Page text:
Workers at Cedar Meats in Melbourne’s inner west traveled to suburbs up to 20km away after the outbreak, dramatically increasing the chances of spreading the virus, according to data seen exclusively by The Australian. But the same data, generated by the Telstra Ventures-backed company Near, shows on the whole Melbourne has better implemented social distancing than Sydney, reporting a 57.4 drop in density compared with the NSW capital’s 45.6 percent fall.
Near says its platform — which uses location data gathered from mobile phones via apps, wi-fi hotspots, and telecom providers — can help the Morrison government better manage the COVID-19 pandemic than the commonwealth’s own app. So far 5.6 million people have downloaded and registered the government’s COVIDSafe tracing app, which needs at least 40 percent of Australians to download it to be successful. Meanwhile, Near has access to data from 17 million Australian devices, which it says provides a more accurate picture of people’s movements.
Near country manager Adam Boekeman stressed that the data was anonymized to protect privacy, which is the main reason for the slow take-up of the government’s own app. “The question is if there are those out there who aren’t necessarily against the app but aren’t downloading it — they’re not being as proactive as they should be — how do you communicate them in a targeted fashion?” Mr. Boekeman said. “We can support app adoption, saying to someone you’ve been to a postcode or a high-risk area and encourage them to download the app. That’s quite easy to do.”
Near generated a report of Melbourne’s mobility for the month to date, homing in on Brooklyn where the Cedar Meats abattoir is located and so far has been linked to 88 COVID-19 infections. The company found that most people within Brooklyn’s 3012 postcode traveled to suburbs up to 20km away across Melbourne’s fast-growing western corridor, which includes Werribee, Derrimut and Point Cook. It also found the top three categories visited were stores, at 14.24 percent, restaurants, at 4.45 percent and general services such as accountants, Centrelink, and Medicare, at 3.5 percent.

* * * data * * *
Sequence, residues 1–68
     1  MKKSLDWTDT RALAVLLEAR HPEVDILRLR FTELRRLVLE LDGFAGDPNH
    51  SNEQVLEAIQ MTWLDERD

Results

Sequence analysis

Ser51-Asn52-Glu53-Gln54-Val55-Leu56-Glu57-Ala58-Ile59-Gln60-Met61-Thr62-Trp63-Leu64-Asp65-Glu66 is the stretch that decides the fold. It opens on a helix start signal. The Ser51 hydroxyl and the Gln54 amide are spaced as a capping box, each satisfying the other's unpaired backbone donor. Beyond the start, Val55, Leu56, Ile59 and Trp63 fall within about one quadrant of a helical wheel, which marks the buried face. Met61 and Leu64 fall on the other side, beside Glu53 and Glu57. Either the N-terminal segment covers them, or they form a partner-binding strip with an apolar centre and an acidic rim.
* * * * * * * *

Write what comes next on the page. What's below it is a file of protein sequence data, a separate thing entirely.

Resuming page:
“We’ve focused at postcode level — Cedar Meats is in Brooklyn, the Brooklyn postcode is 3012, what do the movements around the postcode look like over the past three weeks? We can infer the people who live there versus the people who are leaving, where they are commuting to if they are in the public health system,” Mr. Boekeman said. “We can determine a whole raft of movements that have come from that suburb, classed as a high-risk suburb, over the past three weeks.”
The study followed Near generating a global report on how cities were managing social distancing to limit the spread of COVID-19.
It found Victoria’s government had been more successful than NSW in limiting people’s movements around its capital, after it implemented extreme measures in early March, canceling major sporting events, including AFL, and forcing entire sectors to work from home.
Published in The Australian.